African Colonialism In Conrad And Things Fall Apart

Great Essays
African Colonialism in Conrad and Achebe
In the minds of many Europeans, Africa was known as the “Dark Continent,” not because of the color of the skin of its inhabitants, but because large sections of the interior were simply unknown. By the late 19th century, British imperialism was beginning to penetrate into some of those unknown regions, bringing European government, religion, and attitudes to people otherwise deemed “savage.” The effect of this process of colonialism has been famously documented in two widely different novels, Joseph Conrad’s Heart of Darkness (1902) and Chinua Achebe’s Things Fall Apart (1959). Both of these writers, to great extent, portray the negative effects that colonialism had on the African people, with Conrad
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In the minds of many, the way that Conrad and others portrayed Africans was racist, paternalistic, and arrogant. Indeed, Conrad’s description of Africans does seem to fit the idea of racism: “The steamer toiled along slowly on the edge of a black and incomprehensible frenzy. The prehistoric man was cursing us, praying to us, welcoming us—who could tell? […] They howled, and leaped, and spun, and made horrid faces” (Conrad 64). Here is a description of a people almost animalistic and Conrad, as a product of his time, is painting an African landscape that “epitomized savagery” (Okafor 19). Achebe himself would criticize such depictions as racist, as it portrays African people “in a delirious state of frenzy” that eliminates their “reason, self-control, and…humanity” (Lawtoo …show more content…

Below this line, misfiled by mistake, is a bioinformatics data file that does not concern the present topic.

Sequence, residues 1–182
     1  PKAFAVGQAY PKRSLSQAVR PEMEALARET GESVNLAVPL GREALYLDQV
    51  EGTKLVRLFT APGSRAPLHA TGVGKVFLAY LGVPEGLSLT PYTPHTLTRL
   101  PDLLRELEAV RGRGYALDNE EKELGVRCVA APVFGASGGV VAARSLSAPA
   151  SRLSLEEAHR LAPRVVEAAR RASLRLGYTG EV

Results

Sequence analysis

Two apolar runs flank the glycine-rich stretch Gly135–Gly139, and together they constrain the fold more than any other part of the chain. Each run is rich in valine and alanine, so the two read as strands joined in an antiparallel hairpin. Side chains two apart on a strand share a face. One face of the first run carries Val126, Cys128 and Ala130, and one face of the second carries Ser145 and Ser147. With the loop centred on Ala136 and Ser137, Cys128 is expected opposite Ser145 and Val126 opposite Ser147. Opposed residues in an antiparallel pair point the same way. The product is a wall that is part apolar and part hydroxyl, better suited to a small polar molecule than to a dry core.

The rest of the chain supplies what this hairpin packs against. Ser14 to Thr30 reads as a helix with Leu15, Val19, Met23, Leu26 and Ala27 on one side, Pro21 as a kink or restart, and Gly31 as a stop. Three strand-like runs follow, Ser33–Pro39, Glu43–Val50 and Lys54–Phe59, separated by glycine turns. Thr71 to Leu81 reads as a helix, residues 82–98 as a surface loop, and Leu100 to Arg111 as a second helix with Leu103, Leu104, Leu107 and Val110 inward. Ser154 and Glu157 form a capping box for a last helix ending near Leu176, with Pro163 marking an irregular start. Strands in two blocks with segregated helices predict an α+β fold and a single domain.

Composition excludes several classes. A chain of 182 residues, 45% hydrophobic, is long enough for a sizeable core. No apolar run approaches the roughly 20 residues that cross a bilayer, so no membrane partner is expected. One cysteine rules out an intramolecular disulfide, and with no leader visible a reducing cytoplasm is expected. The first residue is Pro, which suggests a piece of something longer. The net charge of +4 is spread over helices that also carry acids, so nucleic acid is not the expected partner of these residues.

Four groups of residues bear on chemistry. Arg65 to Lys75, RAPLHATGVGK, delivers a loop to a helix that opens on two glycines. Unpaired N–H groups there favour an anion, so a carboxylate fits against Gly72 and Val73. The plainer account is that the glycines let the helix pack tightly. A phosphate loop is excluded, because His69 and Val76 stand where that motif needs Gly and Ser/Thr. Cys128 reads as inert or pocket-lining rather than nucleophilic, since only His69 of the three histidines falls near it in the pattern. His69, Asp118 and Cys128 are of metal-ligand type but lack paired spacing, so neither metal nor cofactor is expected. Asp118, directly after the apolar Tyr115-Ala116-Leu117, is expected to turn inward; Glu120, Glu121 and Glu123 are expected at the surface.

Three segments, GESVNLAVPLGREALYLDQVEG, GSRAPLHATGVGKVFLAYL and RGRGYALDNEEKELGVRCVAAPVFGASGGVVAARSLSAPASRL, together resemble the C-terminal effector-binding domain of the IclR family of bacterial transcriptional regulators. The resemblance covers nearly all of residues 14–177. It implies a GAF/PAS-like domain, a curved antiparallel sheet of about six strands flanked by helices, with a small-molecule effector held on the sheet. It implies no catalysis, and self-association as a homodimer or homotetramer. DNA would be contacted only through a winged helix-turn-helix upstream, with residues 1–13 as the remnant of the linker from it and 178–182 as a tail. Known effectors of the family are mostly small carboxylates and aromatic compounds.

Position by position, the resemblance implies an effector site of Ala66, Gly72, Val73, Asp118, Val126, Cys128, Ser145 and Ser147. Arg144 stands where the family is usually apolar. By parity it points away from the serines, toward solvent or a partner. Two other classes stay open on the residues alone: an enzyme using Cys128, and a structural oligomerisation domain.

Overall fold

Both authors ultimately suggest that colonialism is a negative force, destructive on both individual and society. However, for Conrad, the destructive power of colonialism was on the colonizer, that when “isolated” from European civilization, “they would degenerate into abominable savagery and become beasts of unspeakable lust” (Okafor 19). Kurtz, the mysterious rogue agent, has descended into such savagery as the result of his being cut off from “civilization.” Kurtz has, in effect, gone native, and Marlow has come to believe that Kurtz must be mad. Indeed, much of Kurtz’s madness is sexual in nature, as if that which was to be feared the most by Europeans was falling under the spell of an African woman. Kurtz specifically “lacked restraint in the gratification of his various lusts” (Conrad 107). The object of his lusts, further, is a “wild and gorgeous apparition of a woman. […] She was savage and superb, wild-eyed and magnificent” (113). Kurtz’s African mistress becomes symbolic of the danger that colonialism wrought in Africa, not to its inhabitants, but to those who sought to bring European structure and

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